College manages to avert high study away rejection rate

By Annie Lewine

-Macalester’s International Center has approved the proposals of 168 of the 169 students who applied to study away this spring. In the end, more than 30 students over the cap of 135 that administrators had initially set for the spring study abroad cohort will be able to study away from Macalester next semester.”We knew that students who were academically qualified would not be able to go [if Macalester did not exceed the cap],” Provost Diane Michelfelder said. “We know that many students come to Macalester with a keen interest in studying away and in many cases have constructed their academic experience with an eye to leading up to studying away.”

The college budgeted for 260 students to study abroad for the 2007-08 school year, at an average cost of $12,250 for each semester slot, Michelfelder said. The additional students approved for study abroad will cost the college about $280,000 more. This expenditure will be funded in part by the excess revenue generated by the tuition from the first-year class, which was larger than anticipated.

Students were happy to discover that the spring study abroad enrollment would be higher than expected.

“They’ve been coming across like they were going to be really strict about the number of students allowed to study abroad,” said David Wheeler ’09, who was approved to study in Egypt this spring. “I think it’s great that basically everyone was accepted. It really shows their commitment to internationalism.”

Although most students were approved, not all will actually study abroad in the spring, according to Paula Paul-Wagner, assistant director of the International Center.

“Even though nearly all Macalester students who applied were approved by the Macalester Study Abroad Review Committee, some will not go abroad because of personal conflicts, [or because] their program was full to capacity or did not accept them,” Paul-Wagner said.

Students who study abroad tend to travel and live in places not as popular among students at other colleges.

“It’s clear that Mac students are less oriented toward Europe and more toward Africa and Latin America than U.S. students generally,” said Paul Nelson, study abroad coordinator. Nationwide, about 45 percent of students study abroad in continental Europe, while only 32 percent of Macalester students studying abroad next semester will be in that region, Nelson said.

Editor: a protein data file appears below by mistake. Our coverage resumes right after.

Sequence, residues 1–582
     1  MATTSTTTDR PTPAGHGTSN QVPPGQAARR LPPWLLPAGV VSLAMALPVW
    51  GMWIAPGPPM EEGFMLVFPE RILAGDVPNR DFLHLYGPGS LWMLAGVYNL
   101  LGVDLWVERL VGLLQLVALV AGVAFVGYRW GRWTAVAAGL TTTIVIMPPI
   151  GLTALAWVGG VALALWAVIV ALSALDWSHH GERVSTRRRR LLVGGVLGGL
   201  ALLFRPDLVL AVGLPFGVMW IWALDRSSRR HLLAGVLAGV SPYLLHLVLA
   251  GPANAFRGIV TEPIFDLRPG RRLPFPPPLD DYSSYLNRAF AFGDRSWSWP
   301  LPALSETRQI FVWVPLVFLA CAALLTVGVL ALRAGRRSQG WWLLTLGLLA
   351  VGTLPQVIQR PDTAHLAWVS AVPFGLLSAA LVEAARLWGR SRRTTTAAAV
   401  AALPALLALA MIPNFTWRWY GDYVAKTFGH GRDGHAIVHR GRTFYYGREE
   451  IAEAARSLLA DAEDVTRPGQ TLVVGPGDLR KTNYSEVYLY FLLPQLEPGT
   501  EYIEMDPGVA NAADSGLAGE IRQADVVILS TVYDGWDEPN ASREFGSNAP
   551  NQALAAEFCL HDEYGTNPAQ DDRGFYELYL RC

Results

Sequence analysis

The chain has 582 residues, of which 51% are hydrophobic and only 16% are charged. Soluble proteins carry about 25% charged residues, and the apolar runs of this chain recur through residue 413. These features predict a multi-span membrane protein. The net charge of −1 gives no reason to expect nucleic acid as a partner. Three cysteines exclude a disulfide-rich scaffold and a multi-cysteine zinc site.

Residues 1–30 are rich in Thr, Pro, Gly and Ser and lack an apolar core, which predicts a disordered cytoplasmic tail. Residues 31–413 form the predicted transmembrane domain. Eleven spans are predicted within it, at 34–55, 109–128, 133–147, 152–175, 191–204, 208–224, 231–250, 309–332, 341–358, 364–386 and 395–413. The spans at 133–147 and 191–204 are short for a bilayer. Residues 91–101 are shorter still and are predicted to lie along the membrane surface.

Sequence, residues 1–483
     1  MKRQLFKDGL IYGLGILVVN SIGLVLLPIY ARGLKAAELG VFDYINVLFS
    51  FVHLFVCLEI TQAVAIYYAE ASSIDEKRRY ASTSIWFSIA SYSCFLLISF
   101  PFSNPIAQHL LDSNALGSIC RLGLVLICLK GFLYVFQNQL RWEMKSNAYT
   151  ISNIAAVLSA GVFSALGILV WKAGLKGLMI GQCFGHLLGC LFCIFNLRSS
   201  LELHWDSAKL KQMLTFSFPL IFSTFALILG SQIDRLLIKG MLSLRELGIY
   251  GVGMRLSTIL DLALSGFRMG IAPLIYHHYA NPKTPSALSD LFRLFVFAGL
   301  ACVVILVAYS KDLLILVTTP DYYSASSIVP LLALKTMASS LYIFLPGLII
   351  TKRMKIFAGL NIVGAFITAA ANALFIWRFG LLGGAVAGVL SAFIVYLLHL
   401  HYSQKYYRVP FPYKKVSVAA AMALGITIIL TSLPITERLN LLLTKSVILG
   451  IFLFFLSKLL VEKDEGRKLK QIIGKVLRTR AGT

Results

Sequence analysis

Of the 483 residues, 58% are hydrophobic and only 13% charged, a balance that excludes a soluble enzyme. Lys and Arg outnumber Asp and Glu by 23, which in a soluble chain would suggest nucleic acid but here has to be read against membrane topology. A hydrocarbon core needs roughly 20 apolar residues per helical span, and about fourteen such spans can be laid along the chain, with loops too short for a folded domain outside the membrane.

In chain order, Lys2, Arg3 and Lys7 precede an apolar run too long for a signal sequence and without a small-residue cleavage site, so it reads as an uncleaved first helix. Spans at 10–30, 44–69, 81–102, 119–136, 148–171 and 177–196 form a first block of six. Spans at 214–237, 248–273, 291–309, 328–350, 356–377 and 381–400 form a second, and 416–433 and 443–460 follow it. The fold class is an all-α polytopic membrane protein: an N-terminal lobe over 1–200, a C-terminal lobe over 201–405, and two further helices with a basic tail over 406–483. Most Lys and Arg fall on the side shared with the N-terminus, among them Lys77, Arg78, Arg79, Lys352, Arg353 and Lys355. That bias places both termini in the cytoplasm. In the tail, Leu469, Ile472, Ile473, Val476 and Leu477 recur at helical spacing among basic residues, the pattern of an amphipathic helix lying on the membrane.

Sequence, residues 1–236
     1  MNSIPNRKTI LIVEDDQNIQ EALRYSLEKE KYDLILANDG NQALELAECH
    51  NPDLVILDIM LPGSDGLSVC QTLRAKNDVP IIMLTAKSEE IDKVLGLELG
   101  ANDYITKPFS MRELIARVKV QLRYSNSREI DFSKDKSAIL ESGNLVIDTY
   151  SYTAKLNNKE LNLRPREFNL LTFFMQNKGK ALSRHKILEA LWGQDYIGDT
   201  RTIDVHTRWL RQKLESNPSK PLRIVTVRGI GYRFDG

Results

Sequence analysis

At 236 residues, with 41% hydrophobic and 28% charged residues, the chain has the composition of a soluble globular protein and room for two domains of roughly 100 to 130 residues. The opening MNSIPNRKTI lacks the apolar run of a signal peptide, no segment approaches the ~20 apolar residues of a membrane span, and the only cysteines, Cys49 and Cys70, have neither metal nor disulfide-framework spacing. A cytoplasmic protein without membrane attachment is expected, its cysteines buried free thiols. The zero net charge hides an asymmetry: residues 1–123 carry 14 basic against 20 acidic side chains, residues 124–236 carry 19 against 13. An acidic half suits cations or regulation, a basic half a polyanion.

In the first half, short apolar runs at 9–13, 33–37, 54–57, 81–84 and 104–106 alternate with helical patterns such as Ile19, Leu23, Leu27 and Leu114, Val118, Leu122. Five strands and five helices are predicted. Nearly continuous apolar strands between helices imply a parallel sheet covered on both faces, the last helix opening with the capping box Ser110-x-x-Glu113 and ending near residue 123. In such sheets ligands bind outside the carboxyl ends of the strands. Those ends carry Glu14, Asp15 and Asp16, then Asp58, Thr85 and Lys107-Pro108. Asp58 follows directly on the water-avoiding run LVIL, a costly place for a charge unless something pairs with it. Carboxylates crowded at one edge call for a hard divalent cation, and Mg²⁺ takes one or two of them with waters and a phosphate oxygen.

Almost 20 students are planning to study in Africa next spring, mostly in Senegal, Cameroon and South Africa, and almost 40 plan to study somewhere in Latin America, while 50 will be studying in Continental Europe. Other destinations include China, Japan, Australia and New Zealand, Nelson said.

Over the course of their academic careers, about 60 percent of students study abroad for a semester or a year-long program, and even more participate in summer and January trips abroad, Paul-Wagner said.

“Study abroad is an integral part of the Macalester College mission, especially in reference to the pillar of internationalism,” she said. “When students are on campus, their education is infused with international perspectives through an internationally focused faculty and a large number of international students studying on campus.

“However, the study abroad experience brings classroom learning into reality by giving students a ‘live’ experience-in country or on-site-which brings theory and practice together.”

Many students choose to bring theory and practice together by engaging in independent studies during their semester or year abroad. Some topics for independent research this spring, Nelson said, include the declining frog populations in Panama, cold-water marine biology in Denmark, Ayurvedic medicine in India, collision of aboriginal and western world views in Australia, the Basque language in Chile, the Welsh language in Wales, and the creation of a children’s choir on the streets of Quito.

“The ambition and imagination motivating these studies are impressive,” Nelson said.